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August 11, 2022

Wild Cards

Growing up, my family had a tradition of playing games after holiday dinners. Everyone from my youngest cousins to my grandparents would sit around the table with an extra serving of dessert nearby, eager to see who would claim the throne of that year’s ultimate family game night.

Uno was a crowd favorite.

Similar to Crazy Eights, the rules were simple — get rid of all your cards. But what separates Uno from a traditional deck of cards is the addition of 4 cards that can flip the game on its head at any moment — Wild Cards. Playing a Wild Card disrupts the predictable flow, changes the rules, and can even result in an opponent suddenly moving from the lead to the back of the pack. I LOVED playing Wild Cards, and I can still taste the sourness of defeat when someone played one on me.

I was reminded of this game when Ei first started to immerse in the field of Futures Casting about 2 years ago. Our friend and colleague, Kaz Brecher, introduced me to a tool called the “Futures Cone” — a visual representation of all plausible, probable, and preferable possibilities for any given question about the future. The cone, and the volume of all possibilities, expands with time. Within the cone are smaller specks, often placed at random, called “Wild Cards.” Wild Cards represent events that, while still possible, are so fringe and fantastical that we often neglect to include them in future-looking exercises like strategic planning and budget forecasting.



A 2020 Wild Card

Despite long-time warnings from epidemiologists and community health leaders, for me, the pandemic was a Wild Card event. Quite literally overnight, the rules of work, community, and family changed, contradicting all preconceived notions of how the years 2020 - 2022 would likely play out. Those at the height of their careers were dismissed from work, otherwise healthy individuals battled a foreign virus, demand for products never-before-purchased soared, and, at least in my community, 4 and 2-legged family additions skyrocketed.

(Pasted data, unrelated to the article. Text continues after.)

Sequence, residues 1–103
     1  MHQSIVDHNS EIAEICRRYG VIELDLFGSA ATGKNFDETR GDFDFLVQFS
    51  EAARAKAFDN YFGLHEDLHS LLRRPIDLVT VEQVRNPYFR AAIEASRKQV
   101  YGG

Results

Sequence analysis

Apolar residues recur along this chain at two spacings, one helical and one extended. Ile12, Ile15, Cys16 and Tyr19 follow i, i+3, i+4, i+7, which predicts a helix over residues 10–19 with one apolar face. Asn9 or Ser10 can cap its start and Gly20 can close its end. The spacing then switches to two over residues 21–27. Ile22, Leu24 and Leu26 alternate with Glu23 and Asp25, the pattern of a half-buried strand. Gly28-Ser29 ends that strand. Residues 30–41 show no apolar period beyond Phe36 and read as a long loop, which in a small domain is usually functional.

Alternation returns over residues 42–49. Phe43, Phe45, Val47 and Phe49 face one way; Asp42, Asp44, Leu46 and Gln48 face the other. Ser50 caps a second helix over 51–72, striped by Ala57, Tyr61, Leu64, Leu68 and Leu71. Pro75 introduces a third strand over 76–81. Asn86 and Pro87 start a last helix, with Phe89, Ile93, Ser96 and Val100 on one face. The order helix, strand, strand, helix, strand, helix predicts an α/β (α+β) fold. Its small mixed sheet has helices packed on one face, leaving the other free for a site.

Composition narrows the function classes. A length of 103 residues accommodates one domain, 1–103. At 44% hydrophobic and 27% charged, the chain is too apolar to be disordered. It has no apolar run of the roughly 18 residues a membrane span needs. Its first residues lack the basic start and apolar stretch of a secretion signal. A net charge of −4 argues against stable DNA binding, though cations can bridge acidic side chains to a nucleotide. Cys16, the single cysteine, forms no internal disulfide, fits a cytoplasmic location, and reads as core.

Today, I often find myself considering the thought of another pandemic. Not in a pessimistic way, but as something that feels plausible. Something I can make a plan for. A report from Duke University predicts that the probability of another similar pandemic is about 2% / year.

What Next?

Now, this begs the question — what Wild Cards am I not thinking about? I spent some time last week pondering what unpredictable things might come next. This exercise forced me to fight the natural, logic-oriented tendencies of my brain. The outcomes were refreshing and sometimes quite entertaining. One of my favorites was the thought of artificial intelligence and machine learning creating so much production efficiency and economic gains that Universal Basic Income replaced personal income tax.

We’re curious — what Wild Cards are you pondering as you look to the future? Share them with us!

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